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PSC Approves Funding for 11 Towers

By Cullen Robbins, Nebraska Public Service Commission

If you have ever traveled through the rural areas of Nebraska, you can probably relate to the problem of poor cellular phone coverage in some of these areas. On December 20, 2016, the Nebraska Public Service Commission (Commission) approved funding for the construction of up to 11 mobile wireless towers totaling $4 million as part of the Nebraska Universal Service Fund (NUSF) Broadband Program. This program has been used to support wireless tower construction in rural areas of Nebraska since 2009. In the interceding period, the NUSF has funded the construction of over 145 towers in these rural areas of the state.

In February, 2016, the Commission opened the application window for the grant funding, with applications to the Commission due by March 31, 2016. Applications were received from three providers to build a total of 22 towers for 20 projects, and requested approximately $8.4 million to complete the tower projects. To determine how the $4 million in available funds would be allocated, the Commission utilized a distribution methodology to prioritize which projects would receive funding. The Commission developed a methodology that aimed to provide tower support in areas that were high-cost, i.e. rural, and in areas that, absent NUSF support, are least likely to provide sufficient operating revenues to support tower construction or cell site placement. Applicants provided information regarding the location of the site and the coverage area that the project would serve. The Commission first used that information to determine if the project was covering a high-cost area. If so, then each project that covered a high-cost area was ranked according to how many households would be served, how much traffic would be served, and whether there were already towers in close proximity to the proposed location of the tower. To determine the number of households, 2010 US Census data was analyzed to find the number of households within each proposed service area. Those projects that had the potential to serve the most households were assigned a higher priority rank. Similarly, projects that served a higher amount of traffic, determined from traffic information provided by the Department of Roads, were given a higher priority. Finally, proximity from the proposed tower location to the nearest tower of the same technology (CDMA or GSM) was determined, and those towers farthest away from any other towers were assigned a higher priority. These three priority rankings were then used to determine the overall priority of each project with respect to the other projects. Funding was allocated to the projects starting with the highest priority projects and moving down the priority list until funding was exhausted.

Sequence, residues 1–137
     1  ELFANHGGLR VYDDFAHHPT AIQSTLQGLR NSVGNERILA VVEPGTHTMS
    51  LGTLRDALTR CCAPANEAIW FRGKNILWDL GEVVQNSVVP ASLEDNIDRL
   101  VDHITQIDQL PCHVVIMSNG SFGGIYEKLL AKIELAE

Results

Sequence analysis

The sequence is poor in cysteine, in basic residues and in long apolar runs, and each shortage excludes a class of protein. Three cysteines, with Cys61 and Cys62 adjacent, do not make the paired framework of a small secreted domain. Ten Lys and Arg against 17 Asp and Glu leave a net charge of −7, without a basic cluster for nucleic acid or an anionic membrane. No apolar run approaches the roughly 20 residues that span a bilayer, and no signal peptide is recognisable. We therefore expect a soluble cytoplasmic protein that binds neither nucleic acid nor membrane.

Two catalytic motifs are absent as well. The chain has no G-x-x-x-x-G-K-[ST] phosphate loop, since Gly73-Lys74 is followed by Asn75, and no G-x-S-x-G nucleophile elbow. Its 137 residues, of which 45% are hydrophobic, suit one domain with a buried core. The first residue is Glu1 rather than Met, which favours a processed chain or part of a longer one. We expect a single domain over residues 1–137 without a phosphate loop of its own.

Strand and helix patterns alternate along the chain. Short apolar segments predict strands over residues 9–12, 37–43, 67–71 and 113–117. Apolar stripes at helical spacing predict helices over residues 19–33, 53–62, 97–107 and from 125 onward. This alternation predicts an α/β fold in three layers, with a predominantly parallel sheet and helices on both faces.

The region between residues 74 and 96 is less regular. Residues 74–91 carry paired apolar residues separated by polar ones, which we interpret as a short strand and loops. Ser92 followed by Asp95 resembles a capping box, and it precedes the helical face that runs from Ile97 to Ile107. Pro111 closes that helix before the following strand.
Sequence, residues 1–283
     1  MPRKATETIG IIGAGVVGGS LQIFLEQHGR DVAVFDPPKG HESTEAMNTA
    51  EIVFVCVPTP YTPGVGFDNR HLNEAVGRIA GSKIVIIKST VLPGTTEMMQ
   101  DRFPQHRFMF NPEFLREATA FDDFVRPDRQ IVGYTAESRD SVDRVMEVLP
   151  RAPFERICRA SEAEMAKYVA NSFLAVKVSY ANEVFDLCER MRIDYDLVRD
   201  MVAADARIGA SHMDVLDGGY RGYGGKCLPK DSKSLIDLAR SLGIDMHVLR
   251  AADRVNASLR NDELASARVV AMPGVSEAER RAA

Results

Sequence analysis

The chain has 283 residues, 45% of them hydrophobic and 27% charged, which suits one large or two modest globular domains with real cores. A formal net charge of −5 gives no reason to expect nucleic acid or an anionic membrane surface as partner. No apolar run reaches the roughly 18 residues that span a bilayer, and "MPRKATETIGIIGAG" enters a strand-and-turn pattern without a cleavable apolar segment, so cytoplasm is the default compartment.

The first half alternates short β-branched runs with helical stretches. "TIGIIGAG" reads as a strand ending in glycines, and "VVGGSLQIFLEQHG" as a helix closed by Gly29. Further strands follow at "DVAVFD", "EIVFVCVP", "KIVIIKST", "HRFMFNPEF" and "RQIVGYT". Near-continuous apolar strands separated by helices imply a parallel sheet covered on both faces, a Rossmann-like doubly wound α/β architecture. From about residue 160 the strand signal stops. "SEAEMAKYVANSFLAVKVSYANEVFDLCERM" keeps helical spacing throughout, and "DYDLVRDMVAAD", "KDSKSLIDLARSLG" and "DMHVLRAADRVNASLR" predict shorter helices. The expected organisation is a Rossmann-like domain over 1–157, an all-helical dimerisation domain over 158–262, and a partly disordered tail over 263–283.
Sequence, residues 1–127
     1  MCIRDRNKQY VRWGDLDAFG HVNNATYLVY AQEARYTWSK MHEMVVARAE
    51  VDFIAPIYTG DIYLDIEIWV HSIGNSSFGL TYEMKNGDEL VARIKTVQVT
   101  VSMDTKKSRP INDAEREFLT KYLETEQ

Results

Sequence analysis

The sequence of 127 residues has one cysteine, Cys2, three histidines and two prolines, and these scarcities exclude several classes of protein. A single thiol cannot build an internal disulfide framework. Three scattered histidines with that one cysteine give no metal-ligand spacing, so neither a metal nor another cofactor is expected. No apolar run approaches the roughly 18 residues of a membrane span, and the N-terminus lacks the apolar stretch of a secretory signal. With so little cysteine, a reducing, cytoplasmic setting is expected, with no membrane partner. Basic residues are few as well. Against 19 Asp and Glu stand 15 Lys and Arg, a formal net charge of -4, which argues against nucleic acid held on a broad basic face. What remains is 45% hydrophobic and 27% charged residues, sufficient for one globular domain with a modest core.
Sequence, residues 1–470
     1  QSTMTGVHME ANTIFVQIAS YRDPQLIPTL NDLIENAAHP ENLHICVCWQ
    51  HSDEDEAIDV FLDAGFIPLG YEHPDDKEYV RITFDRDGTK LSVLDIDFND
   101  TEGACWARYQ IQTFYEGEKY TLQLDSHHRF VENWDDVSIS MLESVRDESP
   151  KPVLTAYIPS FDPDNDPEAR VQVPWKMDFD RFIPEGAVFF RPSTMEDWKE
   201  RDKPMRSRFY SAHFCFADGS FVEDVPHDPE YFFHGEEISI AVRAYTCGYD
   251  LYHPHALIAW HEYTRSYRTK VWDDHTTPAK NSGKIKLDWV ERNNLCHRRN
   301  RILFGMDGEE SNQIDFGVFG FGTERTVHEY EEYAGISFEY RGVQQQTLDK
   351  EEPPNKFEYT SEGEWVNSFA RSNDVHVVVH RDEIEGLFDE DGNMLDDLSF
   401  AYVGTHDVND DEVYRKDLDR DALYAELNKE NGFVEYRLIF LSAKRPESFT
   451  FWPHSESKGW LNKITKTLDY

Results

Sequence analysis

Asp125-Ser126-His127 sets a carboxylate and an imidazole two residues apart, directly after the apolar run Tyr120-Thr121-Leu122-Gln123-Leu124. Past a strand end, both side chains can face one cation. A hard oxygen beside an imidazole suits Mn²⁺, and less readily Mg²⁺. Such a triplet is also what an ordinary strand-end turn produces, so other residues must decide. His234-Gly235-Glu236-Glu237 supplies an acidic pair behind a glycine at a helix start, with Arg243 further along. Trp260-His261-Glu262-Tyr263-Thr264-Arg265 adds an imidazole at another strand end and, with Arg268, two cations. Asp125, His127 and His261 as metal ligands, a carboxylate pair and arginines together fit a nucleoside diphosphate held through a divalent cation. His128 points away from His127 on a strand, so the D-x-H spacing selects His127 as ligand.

For this round of grants, US Cellular was approved for up to $2,486,525 to construct five towers at locations near Winnebago, Wallace, Kilgore, Wood Lake, and the Prairie Club. Pinpoint Wireless, d/b/a Blaze Wireless, was approved for up to $597,530.26 to construct three towers at locations near Gothenburg, Jeffery Lake, and Farnam. N. E. Colorado Cellular, d/b/a Viaero Wireless, was approved for up to $915,944.75 to construct three towers near Ruskin, Deshler, and Humboldt.

In approving these grant funds, the Commission requires the recipients to accommodate collocation and sharing of equipment with other wireless carriers, public safety agencies, and internet providers where technically feasible. The Commission also requires the recipients to permit roaming with other carriers, and to maintain Phase II wireless E911 capability, which allows the location of callers (as latitude and longitude coordinates) to be determined by emergency responders.

The Commission has been committed to providing support to unserved and underserved areas to close the broadband availability gap, and will continue to do so through the NUSF moving forward. This is just one of several programs administered under the NUSF that aims to ensure that all Nebraskans have access to quality telecommunications and information services at affordable and comparable rates. Find out more at:

From the January 2017 issue of Nebraska Broadband